Intern Do's and Dont's

Intern Do's and Dont's

I've come up with a few intern do's and don'ts to help guide future Washington Center interns as they prepare for their semesters in D.C. I've discussed these points with supervisors, co-workers, and fellow TWC interns to help outline (in a simple way) good and bad practices both as an intern and generally as a young professional in D.C. In the holiday spirit, I've thought of it somewhat as Santa's naughty and nice lists for interns. Remember, your supervisors are making a list and checking it twice so definitely make sure to ace these internship do's and stay away from the less-than-desirable internship don'ts.

 

DO ask for help...

It is extremely important to ask questions if you don't understand an assignment or project you've been given. Supervisors understand -- you don't come in as an intern already knowing how to do everything -- and they are more than willing to help you and answer any questions you may have. Doing your work when you don't clearly understand what is expected of you only leads to mistakes and frustration. So just ask!

 

DON'T leave the printer jammed...

If you jam up the printer at work, use all the ink, and leave it without any paper, people in the office are not going to like you very much. Either fix it yourself or find someone who can help. You don't want to make a bad impression with your lack-luster printer etiquette.

 

DO explore...

It's important to explore D.C., so go to the monuments and the museums! Having an understanding of the city's basic layout is important and it is a great topic of conversation at work. When co-workers ask you what you did over the weekend, you will have exciting stories of exploring the city's wonders.

 

DON'T eat out every day...

It can get extremely expensive to buy lunch every day. Five dollars for a sandwich doesn't sound bad, but it adds up quickly. Save your money for interesting events and workshops rather than spending it all on subs and bags of chips.

 

DO build your network...

Your supervisors and co-workers want to help you and give you career advice. So add them on LinkedIn, have them look over your resume, and tell them about your interests. You never know where a little afternoon advice could lead you. People at your internship are going to be well connected and you want to take advantage of that.

 

DON'T go on Facebook...

Stay off of social media sites at work unless it is part of your job requirement. If you're bored enough to be scrolling through Facebook or Twitter, you clearly don't have enough to do and people will notice that. Soak up as much as you can from your internship by looking for more assignments and projects if you are free. Down time is perfect for chatting with co-workers and letting them know that you are there to help. The golden rule for interns -- ask: "Is there anything else I can help you with?" It puts forth a good image in the office when you seem eager to work and take on new challenges.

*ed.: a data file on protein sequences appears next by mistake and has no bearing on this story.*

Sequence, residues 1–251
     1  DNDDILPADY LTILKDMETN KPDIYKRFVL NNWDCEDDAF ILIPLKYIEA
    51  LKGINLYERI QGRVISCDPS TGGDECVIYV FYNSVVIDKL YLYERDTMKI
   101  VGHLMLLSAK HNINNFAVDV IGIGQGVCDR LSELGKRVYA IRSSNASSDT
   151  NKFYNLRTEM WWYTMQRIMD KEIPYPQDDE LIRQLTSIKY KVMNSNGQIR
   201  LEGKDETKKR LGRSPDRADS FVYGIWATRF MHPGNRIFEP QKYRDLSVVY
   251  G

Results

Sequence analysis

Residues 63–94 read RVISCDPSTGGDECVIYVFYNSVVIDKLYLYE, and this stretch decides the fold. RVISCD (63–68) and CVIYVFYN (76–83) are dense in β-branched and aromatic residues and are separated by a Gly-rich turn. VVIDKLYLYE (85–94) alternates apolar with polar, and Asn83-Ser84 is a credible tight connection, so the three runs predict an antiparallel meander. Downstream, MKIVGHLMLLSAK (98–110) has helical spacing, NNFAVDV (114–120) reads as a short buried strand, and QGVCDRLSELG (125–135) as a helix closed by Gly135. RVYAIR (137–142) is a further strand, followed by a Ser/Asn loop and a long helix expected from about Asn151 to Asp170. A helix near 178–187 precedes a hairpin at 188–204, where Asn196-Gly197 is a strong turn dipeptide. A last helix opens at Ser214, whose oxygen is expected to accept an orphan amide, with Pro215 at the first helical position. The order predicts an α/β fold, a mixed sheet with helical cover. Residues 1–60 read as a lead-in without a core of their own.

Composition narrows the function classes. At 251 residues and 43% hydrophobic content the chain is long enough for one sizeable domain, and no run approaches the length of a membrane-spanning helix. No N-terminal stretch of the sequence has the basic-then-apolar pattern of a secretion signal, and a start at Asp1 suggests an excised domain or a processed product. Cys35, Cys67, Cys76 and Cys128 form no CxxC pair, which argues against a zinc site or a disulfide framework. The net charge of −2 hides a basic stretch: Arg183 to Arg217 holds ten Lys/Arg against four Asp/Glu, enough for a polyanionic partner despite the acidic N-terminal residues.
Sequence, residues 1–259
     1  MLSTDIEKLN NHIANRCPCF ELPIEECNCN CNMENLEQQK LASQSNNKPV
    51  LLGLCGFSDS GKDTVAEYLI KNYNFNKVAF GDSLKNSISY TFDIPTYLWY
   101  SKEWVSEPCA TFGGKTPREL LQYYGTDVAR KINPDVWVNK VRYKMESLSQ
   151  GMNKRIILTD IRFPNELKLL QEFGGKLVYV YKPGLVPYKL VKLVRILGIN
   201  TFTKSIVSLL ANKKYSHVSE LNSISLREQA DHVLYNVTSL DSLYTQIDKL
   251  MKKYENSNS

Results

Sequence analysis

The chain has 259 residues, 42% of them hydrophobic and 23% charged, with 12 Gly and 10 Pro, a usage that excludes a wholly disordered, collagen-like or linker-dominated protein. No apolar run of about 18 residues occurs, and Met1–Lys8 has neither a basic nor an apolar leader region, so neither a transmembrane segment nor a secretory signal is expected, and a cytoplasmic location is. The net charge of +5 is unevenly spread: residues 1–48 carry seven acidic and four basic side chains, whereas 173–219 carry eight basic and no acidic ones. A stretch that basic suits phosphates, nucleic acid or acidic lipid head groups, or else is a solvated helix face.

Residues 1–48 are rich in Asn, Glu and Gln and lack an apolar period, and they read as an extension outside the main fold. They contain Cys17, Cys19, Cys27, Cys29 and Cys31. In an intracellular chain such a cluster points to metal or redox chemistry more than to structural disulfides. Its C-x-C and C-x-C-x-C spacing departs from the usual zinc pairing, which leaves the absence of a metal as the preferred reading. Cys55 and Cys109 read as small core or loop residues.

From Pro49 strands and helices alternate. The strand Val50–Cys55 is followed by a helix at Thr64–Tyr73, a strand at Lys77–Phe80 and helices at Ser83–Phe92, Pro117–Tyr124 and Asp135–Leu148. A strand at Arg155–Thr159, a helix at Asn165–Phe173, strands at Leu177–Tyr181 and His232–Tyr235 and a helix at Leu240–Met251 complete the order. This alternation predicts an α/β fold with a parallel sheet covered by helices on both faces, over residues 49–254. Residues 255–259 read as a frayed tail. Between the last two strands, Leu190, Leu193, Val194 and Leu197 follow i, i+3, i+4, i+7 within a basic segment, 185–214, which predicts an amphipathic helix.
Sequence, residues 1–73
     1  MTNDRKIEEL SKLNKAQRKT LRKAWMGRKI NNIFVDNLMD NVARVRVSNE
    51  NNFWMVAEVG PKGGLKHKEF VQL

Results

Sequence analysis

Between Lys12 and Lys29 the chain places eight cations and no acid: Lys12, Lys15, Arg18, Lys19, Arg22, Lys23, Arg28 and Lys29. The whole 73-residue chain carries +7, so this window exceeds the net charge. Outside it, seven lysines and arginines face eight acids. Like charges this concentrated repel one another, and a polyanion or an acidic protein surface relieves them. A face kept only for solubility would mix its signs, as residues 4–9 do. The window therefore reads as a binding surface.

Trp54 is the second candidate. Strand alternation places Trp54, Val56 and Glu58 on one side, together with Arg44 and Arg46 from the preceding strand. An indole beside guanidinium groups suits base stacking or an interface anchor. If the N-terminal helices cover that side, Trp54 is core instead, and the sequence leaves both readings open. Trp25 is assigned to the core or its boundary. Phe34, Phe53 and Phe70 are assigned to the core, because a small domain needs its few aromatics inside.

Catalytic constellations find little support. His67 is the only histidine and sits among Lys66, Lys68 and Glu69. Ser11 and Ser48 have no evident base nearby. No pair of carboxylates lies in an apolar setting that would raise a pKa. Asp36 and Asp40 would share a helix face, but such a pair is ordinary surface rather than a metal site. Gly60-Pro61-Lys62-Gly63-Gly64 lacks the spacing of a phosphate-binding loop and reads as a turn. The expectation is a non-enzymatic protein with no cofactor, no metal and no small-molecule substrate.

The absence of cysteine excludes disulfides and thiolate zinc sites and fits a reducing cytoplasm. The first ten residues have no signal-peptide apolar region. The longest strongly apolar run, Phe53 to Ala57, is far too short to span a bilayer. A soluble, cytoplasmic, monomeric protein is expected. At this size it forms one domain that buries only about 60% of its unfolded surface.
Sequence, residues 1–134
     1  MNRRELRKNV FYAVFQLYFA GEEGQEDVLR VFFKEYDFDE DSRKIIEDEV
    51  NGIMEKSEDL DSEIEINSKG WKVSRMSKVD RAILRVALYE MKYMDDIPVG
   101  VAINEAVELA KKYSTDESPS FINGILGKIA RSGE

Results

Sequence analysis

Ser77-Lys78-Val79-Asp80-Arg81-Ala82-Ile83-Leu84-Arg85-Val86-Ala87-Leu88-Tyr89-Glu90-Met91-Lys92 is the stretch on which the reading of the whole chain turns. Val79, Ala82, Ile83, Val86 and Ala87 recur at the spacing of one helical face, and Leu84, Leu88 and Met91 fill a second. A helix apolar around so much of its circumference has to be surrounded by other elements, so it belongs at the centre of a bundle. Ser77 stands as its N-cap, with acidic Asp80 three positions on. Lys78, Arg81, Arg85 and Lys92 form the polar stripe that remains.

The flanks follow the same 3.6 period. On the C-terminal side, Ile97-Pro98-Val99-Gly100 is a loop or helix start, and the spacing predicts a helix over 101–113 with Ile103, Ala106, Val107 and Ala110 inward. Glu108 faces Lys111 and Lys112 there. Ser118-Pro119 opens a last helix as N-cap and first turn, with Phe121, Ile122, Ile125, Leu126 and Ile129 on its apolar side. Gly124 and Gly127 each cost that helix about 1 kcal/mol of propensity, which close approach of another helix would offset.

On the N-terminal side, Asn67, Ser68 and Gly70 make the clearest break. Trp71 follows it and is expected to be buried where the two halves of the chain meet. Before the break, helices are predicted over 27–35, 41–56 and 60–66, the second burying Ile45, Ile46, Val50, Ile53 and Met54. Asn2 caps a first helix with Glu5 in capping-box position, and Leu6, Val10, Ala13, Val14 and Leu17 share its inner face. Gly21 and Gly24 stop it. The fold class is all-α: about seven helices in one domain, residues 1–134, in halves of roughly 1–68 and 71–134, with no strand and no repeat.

DO set goals...

Setting goals is essential in every aspect of your life. The Washington Center interns set specific goals for themselves at the beginning of the semester and constantly make strides towards achieving them. Not only does setting goals allow you to measure your progress, but they serve as an outline for what you want to accomplish each and every day. I printed out a few of my internship goals and made my supervisor aware of them because even more important than setting goals is meeting them. When you make your internship aware of your goals they can help set you up with relevant projects and assignments to help you reach the benchmarks you've set for yourself.

 

DON'T wear headphones at work...

Even if you are quietly working on an independent project, don't put headphones in at work. It is pretty unprofessional and as an intern, you don't want to seem closed off to the environment and conversations around you. Plus, do you ever see the CEO wearing headphones? I didn't think so.

 

DO carry your business card...

You never know who you're going to meet in D.C. or where and when you'll meet them so it's a good practice to always carry a business card with you. The Washington Center gets business cards made for all of the interns and it's a good idea to keep a pen and a card on you at all times for networking purposes.

 

DON'T forget to spell-check and save...

These may seem obvious, but they are classic intern mistakes. Most of us are used to updating statuses and such where grammar isn't critical, but it is essential that all of your work is extremely professional. Saving is obviously important too, but you won't believe how many times interns have lost documents in the cloud this semester.

 

DO bring new ideas to the table...

Interns are brought into companies of course to help accomplish goals, but also to bring in fresh ideas and fresh perspectives. Never hold back on brainstorming with the team or offering something new to the table. Your coworkers will notice your engagement and care for the company's overall success.

 

DON'T dress like an intern...

I wrote earlier in the semester about how important a professional wardrobe is. It really does matter and the way you dress plays into the way you are perceived in the workplace. Make sure your shirts are ironed and you are always appropriately dressed for the professional atmosphere.

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